Last week, I wrote a story detailing common habits among public relations professionals that make journalists’ eyes roll. Now that you know what not to do, I want to point out what you should be doing.
Good PR delivers real news and develops real relationships. Sometimes we all need to dial back the hyperbole, tone down the spin, and get back to the basics of media relations.
Here are 10 tips that will keep your pitches out of journalists’ digital trash cans and will help you become a journalist’s ally, not an annoyance.
Start with a strong pitch. Just like a good news story, a good news pitch takes a little research and legwork. Every day journalists see a slew of mass-emailed, off-topic, long, error-filled pitches with no news hook. Be clear, concise, and customized, add bullets and links that support a current news angle or trending topic, and you will offer something of real value.
Make a localized national pitch. Every morning in newsrooms across the nation, editors ask reporters to get a local angle on a national story. A public relations pro with an eye for research and a knack for sniffing out a good news angle can capitalize on this by getting their clients into local news reports when a national event or trend hits in a client’s area of expertise. A good example of this would be the recent Paula Deen debacle. Take that nationally trending news story; pair it with a local doctor, a university professor, and a local Type 2 diabetic; and pitch it to your local news outlet as your community’s response. Provide statistics (local and national if possible), along with interview information.
Deliver a pitch that’s full of facts. Of course your client thinks his or her product is “innovative, exciting” and my favorite “one-of-a-kind,” but chances are it’s none of those things—at least to journalists. What might interest a reporter is supporting information. We work with a Facebook application that creates custom tabs, and we often use infographics created from surveys and back-end user information. We are not just telling the journalists how many people use our platform, we are showing them why and how and putting an actual number to it.
Read a journalist’s work. This is PR 101. Read before you pitch. Better yet, go back a year or so and make sure the journalists you are pitching didn’t already do a round up on cloud computing services six months before you pitch it. This enables you to start the conversation with:
“I read your roundup on cloud computing six months ago, and I’ve been using SugarSync ever since. Since your last article there have been some great cloud computing apps developed for the iPad. Is it OK if I send you a quick email with some of the apps that are easier for the non-techie businessperson to grasp?”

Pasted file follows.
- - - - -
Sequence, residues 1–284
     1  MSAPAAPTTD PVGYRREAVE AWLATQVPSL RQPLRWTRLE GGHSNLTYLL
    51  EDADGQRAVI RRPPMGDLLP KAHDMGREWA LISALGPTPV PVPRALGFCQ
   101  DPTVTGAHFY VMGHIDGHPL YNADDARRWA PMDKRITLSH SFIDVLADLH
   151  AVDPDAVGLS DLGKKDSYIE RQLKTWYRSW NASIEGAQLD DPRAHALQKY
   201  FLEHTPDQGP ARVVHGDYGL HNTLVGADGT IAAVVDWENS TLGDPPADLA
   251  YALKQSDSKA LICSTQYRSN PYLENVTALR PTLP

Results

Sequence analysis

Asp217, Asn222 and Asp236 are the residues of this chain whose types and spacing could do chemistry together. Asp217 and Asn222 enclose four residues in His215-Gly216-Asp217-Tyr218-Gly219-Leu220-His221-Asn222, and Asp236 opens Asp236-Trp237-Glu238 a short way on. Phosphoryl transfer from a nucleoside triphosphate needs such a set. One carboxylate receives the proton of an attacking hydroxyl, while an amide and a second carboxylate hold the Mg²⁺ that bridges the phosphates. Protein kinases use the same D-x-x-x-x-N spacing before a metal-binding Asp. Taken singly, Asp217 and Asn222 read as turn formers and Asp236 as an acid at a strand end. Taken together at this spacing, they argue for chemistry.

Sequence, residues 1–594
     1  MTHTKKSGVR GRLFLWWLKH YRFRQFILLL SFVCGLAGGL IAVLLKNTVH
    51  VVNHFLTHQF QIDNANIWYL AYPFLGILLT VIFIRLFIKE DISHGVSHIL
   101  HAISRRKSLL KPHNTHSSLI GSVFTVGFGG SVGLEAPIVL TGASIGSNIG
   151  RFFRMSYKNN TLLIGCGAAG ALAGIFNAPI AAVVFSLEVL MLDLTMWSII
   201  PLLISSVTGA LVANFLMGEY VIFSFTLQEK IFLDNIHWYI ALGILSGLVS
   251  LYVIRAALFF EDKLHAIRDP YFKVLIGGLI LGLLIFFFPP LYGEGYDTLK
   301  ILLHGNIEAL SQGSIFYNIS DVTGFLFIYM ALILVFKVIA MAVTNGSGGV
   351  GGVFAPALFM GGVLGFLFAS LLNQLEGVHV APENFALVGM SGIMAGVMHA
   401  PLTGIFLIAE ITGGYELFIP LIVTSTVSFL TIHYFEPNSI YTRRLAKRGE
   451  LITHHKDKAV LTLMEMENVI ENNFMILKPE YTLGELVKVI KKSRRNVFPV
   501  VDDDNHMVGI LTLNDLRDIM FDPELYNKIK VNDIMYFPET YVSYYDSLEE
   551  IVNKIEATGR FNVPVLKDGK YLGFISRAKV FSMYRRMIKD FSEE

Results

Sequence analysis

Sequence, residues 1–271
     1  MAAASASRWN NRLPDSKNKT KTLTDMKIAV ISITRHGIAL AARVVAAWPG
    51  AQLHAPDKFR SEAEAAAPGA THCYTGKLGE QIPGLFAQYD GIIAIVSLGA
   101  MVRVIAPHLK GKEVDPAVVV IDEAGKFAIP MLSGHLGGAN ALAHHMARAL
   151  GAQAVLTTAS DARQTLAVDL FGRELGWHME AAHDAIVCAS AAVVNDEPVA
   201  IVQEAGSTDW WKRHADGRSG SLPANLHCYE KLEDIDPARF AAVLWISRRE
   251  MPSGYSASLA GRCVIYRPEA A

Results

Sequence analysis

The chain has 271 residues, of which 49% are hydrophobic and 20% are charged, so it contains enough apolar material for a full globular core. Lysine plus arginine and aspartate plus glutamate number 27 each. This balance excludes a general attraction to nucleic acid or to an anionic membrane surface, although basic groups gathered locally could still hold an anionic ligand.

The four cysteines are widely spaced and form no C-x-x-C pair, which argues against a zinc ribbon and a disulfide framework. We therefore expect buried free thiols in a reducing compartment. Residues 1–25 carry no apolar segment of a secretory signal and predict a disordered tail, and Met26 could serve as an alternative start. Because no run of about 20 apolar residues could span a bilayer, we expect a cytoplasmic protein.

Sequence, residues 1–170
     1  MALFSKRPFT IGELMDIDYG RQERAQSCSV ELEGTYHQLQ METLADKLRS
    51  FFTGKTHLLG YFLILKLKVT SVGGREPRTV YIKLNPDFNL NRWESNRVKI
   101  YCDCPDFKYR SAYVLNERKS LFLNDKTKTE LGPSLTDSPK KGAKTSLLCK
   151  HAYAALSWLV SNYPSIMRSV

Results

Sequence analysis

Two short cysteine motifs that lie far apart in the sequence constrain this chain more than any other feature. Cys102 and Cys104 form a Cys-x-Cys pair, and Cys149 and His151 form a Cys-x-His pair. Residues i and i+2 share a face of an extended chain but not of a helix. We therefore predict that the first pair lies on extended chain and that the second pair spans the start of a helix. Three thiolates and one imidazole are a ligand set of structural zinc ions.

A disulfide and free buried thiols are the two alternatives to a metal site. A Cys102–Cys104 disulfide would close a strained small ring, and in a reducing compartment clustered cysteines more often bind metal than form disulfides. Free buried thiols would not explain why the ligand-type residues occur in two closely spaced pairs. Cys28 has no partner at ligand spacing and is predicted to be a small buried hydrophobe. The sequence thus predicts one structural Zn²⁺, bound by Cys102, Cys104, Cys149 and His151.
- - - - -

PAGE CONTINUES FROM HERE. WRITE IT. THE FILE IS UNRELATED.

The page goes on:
Try infographics. I’ve received a great response from infographics as supporting press material. Our attention spans are so short these days that it’s easier to get your message across in pictures—or maybe 140 characters.
Start a conversation on Twitter. We all love our Twitter accounts. I practically fall off my seat when I get retweets, direct messages (not the spammy kind or auto responses), and a good conversation going among my peers. Journalists feel the same way. Most of them like a good Twitter conversation about a story they wrote. They like to know you actually read their stuff. They enjoy engaging with and responding to fans. I think it’s OK to pitch via Twitter as well; just don’t overdo it.
Schedule desk-side visits. I live in Nevada, which isn’t exactly a hot bed of top-tier national journalists. As a result, I have to hustle off to New York, San Francisco, and Los Angeles a few times a year. I’ve found that journalists appreciate this effort and are open to a quick 15- to 20-minute in-office visit. I never leave press kits; I always know the sections that my clients fit into, and I’ve read the editorial calendars.
Show some personality. This is my favorite. Journalists are people, too—and most are snarky, witty, and well read. They are bombarded by PR people who are always towing the company line and trying to stay on message. It’s OK to crack a joke and show some personality. That’s what helps develop relationships.
Give them good—and original—content. We keep hearing that good content is king—and for good reason. I’m not talking about a well-written press release, but rather a strong, succinct video, an expert column that targets a national issue, or even a high-resolution set of images that tell a story. Bloggers don’t want the same content that everyone else does, but many of them have other jobs, and they appreciate strong supporting material that enhances the story.
Go out for drinks. Here’s another favorite. After a few drinks, personalities really shine through. Some (though not all) journalists like to drink, and they like to eat. Some (though not all) don’t mind meeting for a quick drink after work. Don’t view this as an opportunity to pitch, but rather as a chance to listen, observe and get to know what a particular journalist covers and why. Never expect anything in return.
Abbi Whitaker is the president of Abbi Public Relations in Reno, Nevada, which represents technology, government and business-to-business clients across the nation. You can follow her on twitter @abbijayne.